Bill, putting a grid over the word and matrix resonance might profitably be thought of as two different things. The grid put over words comes from how the permutations inherent in the script system implement cartesian space. Roman versus italic; capitals versus lower case. Lower case uses the x-height axis in a way capitals don‘t understand. Italics use the y-dimension differently than roman by giving it a slant. When these different ways are intermixed in a single word (and compounded with differences in weight — which translates into salience and equals cue-value), matrix resonance becomes difficult to achieve, because the clumps of information are out of synch with each other — they‘re on different registers, or in different keys as it were. A kind of stressed parallel letter recognition becomes the only perceptual processing option.

What I think this knocks out of the word-recognitional equation is trans-graphemic interfacilitation at the role-unit level. This is a kind of neurophysical cross-talk across letter boundaries while processing letter-parts across the entire word. Edmund Burke Huey’s simultaneous coactivation of letter parts. This is essential for speed, comfort and especially transparency.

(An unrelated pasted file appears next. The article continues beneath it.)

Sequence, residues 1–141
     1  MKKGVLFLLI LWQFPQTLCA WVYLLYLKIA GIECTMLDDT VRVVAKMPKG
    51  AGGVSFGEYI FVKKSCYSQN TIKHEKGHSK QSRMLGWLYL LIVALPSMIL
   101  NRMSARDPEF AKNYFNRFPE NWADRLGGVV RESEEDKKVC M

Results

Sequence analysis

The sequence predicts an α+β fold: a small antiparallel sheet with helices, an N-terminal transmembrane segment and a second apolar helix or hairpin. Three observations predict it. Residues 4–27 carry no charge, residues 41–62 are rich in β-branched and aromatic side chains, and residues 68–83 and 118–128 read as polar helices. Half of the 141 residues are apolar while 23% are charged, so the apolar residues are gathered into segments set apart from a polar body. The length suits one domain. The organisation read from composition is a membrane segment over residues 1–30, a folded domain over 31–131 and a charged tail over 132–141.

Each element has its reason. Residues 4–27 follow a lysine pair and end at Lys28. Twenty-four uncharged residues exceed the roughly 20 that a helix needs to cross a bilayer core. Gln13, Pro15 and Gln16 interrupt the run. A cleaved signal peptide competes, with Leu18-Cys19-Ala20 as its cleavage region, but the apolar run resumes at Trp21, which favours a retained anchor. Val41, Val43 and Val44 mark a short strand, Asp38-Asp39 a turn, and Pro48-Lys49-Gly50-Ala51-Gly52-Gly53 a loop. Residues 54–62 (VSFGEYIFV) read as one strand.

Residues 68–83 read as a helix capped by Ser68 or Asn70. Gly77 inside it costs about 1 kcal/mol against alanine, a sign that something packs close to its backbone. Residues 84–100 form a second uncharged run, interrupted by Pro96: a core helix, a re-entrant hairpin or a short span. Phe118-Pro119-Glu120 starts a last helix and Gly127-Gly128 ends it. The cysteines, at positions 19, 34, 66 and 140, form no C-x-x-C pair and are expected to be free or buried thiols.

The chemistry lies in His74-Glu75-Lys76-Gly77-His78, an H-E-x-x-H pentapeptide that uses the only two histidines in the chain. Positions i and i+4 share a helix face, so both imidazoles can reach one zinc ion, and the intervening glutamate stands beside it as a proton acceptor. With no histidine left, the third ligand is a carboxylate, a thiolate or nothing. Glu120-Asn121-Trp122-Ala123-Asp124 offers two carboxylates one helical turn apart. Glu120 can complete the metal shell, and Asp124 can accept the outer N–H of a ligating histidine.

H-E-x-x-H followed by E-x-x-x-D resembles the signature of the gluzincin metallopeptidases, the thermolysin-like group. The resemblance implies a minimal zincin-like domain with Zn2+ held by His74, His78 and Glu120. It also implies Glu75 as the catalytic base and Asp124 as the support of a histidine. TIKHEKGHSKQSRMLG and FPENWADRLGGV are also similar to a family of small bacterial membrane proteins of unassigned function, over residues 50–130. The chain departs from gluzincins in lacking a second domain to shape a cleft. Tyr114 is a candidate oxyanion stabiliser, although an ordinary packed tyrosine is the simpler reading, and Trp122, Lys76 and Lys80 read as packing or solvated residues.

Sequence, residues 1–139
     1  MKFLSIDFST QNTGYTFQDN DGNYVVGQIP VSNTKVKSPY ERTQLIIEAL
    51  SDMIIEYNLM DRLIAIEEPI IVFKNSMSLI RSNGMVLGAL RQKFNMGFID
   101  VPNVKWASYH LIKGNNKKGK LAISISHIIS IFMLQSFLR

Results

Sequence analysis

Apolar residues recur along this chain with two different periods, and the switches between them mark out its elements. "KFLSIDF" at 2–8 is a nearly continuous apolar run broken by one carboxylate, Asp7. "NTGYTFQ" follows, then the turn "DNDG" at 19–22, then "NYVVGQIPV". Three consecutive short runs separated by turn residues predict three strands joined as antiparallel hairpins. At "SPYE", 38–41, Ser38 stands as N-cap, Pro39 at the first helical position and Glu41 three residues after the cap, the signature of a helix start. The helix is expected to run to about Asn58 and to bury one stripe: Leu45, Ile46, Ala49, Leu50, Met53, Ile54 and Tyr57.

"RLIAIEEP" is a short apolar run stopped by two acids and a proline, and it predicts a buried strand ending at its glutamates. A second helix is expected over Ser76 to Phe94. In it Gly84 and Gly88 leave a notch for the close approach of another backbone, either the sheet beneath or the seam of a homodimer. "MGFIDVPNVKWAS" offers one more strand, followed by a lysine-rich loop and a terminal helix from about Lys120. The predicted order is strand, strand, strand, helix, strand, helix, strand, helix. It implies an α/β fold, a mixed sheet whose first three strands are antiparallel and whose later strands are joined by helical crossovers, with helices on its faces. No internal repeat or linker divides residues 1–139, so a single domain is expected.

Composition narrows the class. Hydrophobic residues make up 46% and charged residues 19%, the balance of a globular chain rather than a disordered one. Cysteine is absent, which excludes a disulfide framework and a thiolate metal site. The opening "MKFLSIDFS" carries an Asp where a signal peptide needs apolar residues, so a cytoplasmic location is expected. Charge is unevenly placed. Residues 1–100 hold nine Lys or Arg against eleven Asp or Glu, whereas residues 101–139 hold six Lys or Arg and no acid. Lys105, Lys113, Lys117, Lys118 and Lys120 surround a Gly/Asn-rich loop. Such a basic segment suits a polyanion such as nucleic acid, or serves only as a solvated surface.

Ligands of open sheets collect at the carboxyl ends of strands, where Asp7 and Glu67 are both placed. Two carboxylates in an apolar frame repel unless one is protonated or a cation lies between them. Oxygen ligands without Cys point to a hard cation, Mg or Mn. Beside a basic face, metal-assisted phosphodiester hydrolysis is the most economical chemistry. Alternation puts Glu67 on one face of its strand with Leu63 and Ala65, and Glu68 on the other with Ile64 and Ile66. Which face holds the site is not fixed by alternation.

This, by the way is one of the reasons why, though I find Denis Pelli and Kathryn Tillman’s data interesting, I don't accept the conclusions of their triple dissociation study. I don't buy the analysis of wht the various manipulations knock out. Part of the reason for this is that we have different functional ontologies of reading.